CrimProf Blog

Editor: Kevin Cole
Univ. of San Diego School of Law

Monday, March 12, 2018

Cade & Flanagan on The Crime-Fighting Visa

Jason A. Cade and Meghan L. Flanagan (University of Georgia School of Law and University of Georgia School of Law) have posted Five Steps to a Better U: Improving the Crime-Fighting Visa (Richmond Public Interest Law Review, Vol. 21, 2018) on SSRN. Here is the abstract:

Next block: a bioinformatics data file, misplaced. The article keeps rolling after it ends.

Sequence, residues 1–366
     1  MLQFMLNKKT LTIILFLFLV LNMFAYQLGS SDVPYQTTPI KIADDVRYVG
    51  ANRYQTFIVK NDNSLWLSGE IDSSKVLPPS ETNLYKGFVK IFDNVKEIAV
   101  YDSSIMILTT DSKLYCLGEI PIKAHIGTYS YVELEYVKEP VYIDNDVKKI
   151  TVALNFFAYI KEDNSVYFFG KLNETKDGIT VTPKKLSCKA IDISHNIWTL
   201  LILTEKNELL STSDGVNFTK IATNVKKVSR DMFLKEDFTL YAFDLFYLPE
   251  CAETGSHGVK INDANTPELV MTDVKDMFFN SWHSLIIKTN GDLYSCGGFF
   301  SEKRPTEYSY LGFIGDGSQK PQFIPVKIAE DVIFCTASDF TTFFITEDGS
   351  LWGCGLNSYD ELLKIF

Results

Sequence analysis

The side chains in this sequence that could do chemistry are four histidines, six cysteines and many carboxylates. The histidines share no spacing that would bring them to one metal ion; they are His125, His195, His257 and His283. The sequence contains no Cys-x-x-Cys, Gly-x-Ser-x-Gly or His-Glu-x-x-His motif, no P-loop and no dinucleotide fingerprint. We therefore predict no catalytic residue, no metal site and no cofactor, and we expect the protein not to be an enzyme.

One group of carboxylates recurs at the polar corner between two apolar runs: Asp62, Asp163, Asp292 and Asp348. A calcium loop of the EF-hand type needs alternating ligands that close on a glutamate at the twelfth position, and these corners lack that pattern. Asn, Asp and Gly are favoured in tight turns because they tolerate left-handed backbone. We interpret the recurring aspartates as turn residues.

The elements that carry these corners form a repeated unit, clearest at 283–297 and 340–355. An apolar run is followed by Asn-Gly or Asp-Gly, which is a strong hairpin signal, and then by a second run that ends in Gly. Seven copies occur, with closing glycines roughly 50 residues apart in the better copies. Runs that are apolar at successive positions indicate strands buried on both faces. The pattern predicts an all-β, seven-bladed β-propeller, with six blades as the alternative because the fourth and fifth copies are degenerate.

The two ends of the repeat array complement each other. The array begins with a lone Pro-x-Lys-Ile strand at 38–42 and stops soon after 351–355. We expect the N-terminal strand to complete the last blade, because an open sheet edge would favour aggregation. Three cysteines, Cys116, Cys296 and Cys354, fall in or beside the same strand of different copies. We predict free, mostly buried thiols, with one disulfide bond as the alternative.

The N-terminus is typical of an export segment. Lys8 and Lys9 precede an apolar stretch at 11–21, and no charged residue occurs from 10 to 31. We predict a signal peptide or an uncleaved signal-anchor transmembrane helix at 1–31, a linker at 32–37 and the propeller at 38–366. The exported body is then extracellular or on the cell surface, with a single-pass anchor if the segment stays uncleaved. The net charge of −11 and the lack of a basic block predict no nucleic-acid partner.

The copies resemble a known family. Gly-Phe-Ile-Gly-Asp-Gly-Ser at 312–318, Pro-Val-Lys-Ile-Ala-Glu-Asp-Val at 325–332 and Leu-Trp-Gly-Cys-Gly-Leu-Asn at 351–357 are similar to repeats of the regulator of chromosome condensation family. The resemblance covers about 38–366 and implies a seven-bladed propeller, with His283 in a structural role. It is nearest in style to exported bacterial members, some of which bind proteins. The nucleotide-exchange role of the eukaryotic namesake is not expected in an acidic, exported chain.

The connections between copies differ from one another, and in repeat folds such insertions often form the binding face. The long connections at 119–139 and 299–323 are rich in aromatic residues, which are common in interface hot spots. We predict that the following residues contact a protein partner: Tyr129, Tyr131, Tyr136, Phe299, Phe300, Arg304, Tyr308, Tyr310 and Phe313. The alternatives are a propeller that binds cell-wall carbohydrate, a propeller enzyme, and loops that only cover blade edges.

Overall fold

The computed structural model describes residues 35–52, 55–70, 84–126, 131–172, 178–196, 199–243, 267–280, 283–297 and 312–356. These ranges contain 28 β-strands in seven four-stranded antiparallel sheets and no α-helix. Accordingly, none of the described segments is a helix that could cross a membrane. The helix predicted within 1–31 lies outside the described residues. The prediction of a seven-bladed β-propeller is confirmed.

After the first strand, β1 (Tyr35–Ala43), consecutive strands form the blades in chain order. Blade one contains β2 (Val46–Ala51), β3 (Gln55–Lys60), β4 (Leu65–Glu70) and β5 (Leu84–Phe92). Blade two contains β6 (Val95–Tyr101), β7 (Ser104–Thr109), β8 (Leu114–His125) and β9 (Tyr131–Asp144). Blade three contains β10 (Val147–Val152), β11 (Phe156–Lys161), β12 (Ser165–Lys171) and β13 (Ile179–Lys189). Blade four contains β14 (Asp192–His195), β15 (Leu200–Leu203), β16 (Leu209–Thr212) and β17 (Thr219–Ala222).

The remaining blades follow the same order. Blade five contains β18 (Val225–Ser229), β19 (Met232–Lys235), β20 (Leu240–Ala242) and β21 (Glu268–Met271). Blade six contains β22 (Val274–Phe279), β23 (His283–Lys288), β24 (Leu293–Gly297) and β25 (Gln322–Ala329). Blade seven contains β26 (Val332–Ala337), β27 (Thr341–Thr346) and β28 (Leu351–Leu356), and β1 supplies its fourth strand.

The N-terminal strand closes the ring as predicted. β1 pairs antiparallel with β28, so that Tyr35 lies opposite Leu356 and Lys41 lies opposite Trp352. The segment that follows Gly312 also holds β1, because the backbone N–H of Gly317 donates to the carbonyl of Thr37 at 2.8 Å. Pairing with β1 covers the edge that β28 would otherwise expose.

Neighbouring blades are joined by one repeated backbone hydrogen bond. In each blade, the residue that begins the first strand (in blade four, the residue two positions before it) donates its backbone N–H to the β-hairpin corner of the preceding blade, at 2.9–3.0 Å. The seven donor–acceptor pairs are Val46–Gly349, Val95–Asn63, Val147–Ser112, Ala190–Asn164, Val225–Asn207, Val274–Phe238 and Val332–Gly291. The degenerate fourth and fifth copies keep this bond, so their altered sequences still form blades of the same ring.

Congress created the U nonimmigrant status to assist noncitizen victims of serious crime and to encourage them to assist law enforcement in the investigation of that crime. Despite these laudable goals, the process has been flawed since the outset. U visas were capped at 10,000 per year, eventually precipitating a multi-year backlog that diminishes the incentive to report crime for persons who fear deportation. Of particular importance, the willingness of law enforcement officers to provide a certification of helpfulness -- a mandatory component of an application for U status -- varies tremendously across agencies. Eligibility for U status is thus a matter of "geographic roulette." New policies implemented under the Trump Administration threaten this already fraught scheme. In particular, the Department of Homeland Security has reinvigorated cooperative enforcement agreements with state and local police and expanded removal priorities to include those merely charged or suspected of criminal activity. These developments mean that undocumented victims of serious crime expose themselves to significant risk of deportation when they involve the police. When crime is unreported, perpetrators may remain at large, free to offend again. Particularly in domestic violence situations, survivors and their families remain vulnerable to further harm. Ironically, these results conflict with another stated initiative of the Trump Administration: fighting crime. This symposium essay offers five concrete reforms that would ameliorate the problems hampering the effectiveness of the U visa.

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